Last month Comcast announced
that they'd like to develop a P2P "Bill of Rights and Responsibilities" in cooperation with ISPs and P2P companies like Pando networks, who is developing a "P4P" system that will accelerate the delivery
P2P content. The proposal arrived two days before a planned network neutrality hearing in Stanford and was painfully vague, seemingly aimed at placating regulators who are investigating the carrier for its throttling of all
upstream P2P traffic. Comcast CTO Tony Werner had this to say about the plan at the time:
"By having this framework in place, we will help P2P companies, ISPs and content owners find common ground to support consumers who want to use P2P applications to deliver legal content."
However, NewTeeVee says those plans have already been scrapped
, with Comcast instead participating in a working group developed by the Distributed Computing Industry Association
. The DCIA consists of P2P companies like Joost, but also has the support of heavy hitters such as AT&T and Verizon.
DCIA CEO Marty Lafferty told me that the best practices working group is in the process of signing up members right now. The group is supposed to include ISPs and P2P companies, many of which are also cooperating on the development of the P4P protocol, as well as rights holders and the respective trade bodies of the industry. Lafferty said he eventually wants to extend the invitation to consumer advocacy groups like Public Knowledge and Free Press, but added that he believes the industry should form some sort of consensus first.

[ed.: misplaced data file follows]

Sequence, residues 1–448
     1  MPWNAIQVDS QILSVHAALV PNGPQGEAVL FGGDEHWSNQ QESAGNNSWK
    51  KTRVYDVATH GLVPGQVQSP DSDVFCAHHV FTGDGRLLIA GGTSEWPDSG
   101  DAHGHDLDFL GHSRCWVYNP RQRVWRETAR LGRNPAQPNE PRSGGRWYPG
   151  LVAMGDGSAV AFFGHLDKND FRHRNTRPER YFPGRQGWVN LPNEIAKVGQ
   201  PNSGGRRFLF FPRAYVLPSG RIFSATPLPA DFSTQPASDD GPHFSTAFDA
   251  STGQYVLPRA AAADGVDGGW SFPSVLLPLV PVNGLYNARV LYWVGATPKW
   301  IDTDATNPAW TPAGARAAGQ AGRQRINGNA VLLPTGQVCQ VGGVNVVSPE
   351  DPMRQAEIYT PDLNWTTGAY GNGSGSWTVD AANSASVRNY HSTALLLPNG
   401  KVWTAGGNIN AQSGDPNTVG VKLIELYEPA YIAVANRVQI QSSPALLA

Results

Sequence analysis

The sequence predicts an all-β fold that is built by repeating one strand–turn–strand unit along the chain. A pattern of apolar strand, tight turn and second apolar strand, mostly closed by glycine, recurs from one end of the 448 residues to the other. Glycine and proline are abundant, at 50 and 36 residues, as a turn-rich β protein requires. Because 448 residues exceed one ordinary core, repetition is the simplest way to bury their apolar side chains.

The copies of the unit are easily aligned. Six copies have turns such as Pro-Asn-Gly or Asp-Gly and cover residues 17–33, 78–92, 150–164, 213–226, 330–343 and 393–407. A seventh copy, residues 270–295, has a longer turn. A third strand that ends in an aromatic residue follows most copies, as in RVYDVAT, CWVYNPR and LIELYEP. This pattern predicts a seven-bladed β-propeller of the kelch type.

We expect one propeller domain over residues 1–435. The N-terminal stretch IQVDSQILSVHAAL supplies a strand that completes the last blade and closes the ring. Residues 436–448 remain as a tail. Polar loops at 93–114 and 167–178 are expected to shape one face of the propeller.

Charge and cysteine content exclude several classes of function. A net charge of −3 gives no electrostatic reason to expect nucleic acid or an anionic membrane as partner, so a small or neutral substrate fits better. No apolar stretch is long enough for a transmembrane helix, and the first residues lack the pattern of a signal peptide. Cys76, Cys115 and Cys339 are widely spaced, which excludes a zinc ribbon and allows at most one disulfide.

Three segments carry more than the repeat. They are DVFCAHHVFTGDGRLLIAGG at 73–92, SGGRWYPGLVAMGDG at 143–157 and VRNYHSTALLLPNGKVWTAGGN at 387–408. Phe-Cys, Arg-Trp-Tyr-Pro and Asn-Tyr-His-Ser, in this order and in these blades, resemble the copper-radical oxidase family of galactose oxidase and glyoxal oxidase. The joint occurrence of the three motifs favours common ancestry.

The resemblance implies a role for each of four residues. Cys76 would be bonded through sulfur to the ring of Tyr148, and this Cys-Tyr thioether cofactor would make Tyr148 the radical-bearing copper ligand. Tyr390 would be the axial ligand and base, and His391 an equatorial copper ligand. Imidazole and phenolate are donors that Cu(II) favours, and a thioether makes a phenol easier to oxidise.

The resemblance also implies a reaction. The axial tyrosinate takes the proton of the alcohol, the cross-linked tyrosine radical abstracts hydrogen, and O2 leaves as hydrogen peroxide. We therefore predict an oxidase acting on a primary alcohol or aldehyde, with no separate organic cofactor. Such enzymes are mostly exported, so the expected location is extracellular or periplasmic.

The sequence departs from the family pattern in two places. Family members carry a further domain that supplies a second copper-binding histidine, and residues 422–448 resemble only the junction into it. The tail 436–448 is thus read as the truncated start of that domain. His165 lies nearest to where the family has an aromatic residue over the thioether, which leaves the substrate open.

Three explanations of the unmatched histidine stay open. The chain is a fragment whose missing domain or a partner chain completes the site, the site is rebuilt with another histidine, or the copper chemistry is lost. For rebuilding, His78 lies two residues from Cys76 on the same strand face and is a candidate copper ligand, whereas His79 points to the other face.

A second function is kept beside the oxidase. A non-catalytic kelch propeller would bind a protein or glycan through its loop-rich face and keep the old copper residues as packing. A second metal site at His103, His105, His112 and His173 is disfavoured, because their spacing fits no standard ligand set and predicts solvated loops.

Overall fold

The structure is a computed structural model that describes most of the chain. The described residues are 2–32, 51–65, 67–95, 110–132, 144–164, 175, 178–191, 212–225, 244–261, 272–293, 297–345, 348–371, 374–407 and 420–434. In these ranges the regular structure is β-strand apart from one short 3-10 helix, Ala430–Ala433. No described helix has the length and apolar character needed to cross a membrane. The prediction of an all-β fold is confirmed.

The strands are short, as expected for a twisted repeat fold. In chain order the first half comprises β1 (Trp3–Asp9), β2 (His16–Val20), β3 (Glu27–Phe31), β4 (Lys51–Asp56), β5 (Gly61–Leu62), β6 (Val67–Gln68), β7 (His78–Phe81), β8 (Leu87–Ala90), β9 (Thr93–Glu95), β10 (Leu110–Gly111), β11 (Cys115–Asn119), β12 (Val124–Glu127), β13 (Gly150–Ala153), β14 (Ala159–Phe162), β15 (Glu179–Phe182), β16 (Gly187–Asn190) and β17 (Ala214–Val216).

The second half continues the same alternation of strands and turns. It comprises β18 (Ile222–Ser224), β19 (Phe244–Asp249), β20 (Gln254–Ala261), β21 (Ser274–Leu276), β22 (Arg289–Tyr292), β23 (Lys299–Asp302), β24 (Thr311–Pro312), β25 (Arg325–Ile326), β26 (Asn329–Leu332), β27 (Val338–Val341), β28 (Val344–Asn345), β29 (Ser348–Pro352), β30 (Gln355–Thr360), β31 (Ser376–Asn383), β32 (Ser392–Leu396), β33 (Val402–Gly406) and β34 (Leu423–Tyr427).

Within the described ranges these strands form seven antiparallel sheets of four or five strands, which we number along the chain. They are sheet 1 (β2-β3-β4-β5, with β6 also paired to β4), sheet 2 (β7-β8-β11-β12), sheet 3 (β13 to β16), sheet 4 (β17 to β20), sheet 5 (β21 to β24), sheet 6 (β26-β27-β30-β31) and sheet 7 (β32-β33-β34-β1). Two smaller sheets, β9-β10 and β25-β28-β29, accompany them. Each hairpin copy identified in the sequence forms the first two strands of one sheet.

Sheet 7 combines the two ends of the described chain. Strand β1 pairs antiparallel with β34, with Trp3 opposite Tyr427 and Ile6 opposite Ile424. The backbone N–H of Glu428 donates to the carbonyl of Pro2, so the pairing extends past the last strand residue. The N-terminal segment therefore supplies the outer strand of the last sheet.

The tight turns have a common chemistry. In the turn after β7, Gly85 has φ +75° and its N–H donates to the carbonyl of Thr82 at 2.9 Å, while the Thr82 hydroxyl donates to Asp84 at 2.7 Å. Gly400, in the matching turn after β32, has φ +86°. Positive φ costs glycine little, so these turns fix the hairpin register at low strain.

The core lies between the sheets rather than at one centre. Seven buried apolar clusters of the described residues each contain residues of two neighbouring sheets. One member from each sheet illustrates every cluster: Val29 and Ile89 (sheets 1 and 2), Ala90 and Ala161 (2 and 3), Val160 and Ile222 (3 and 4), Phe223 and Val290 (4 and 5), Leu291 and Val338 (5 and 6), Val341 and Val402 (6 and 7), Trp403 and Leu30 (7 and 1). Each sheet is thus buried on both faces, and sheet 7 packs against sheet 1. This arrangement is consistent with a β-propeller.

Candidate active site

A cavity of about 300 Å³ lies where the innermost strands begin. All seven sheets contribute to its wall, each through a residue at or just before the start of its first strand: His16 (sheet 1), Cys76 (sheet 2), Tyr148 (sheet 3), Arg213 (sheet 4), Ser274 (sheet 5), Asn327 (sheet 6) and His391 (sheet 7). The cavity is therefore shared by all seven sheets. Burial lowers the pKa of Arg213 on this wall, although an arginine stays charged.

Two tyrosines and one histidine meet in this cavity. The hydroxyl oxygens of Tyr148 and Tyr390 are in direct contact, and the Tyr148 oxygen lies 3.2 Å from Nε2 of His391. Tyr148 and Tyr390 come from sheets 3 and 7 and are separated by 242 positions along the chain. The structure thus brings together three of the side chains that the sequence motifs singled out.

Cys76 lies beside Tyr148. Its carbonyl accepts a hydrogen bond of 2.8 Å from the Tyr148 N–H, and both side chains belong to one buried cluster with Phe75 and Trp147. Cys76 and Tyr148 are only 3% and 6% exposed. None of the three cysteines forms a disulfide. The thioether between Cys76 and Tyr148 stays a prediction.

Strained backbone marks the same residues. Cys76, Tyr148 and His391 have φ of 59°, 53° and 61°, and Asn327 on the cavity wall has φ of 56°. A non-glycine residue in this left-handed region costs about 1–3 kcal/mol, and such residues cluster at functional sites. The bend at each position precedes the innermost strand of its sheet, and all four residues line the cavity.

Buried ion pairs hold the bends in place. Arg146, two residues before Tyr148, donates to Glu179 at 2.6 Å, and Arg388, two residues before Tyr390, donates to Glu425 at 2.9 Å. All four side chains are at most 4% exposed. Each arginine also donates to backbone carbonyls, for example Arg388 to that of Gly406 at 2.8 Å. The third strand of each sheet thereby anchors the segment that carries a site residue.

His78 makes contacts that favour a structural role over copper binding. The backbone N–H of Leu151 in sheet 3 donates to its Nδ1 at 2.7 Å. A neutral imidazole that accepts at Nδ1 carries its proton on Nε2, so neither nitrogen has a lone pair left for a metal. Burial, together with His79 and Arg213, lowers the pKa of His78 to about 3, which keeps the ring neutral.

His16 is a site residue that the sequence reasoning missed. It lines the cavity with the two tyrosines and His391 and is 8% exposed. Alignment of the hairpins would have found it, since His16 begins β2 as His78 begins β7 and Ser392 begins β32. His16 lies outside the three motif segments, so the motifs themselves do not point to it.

Why not involve consumer advocates in the process from the ground up? The companies involved are
eager to develop policy standards that provide more efficient delivery of legal P2P (Vuze, etc.) traffic. The new system they've cooked up can supposedly speed up P2P by 235% across incumbent networks and up to 898% across international broadband networks. This is done by only serving file parts from local peers to reduce hops.
But the other primary goal of the group is to obtain the clear authority to degrade illegal P2P traffic (the largest bandwidth problem, a competitor to legit P2P, and of obvious interest to content outfits). My guess is that once they've polished up a proposal that stratifies P2P treatment by legality, they can bring the plan to consumer advocates, who'll look unethical if they suggest that illegal P2P traffic should be treated equally.
This of course all relies on filtering and throttling systems that can identify pirated material. Since such systems don't reliably exist yet (or can be bested by encryption), this will be a long walk toward the group's desired end goal of throttling back piracy. As a side note, I should have some additional exclusive information on Comcast's new bandwidth management plans later on today.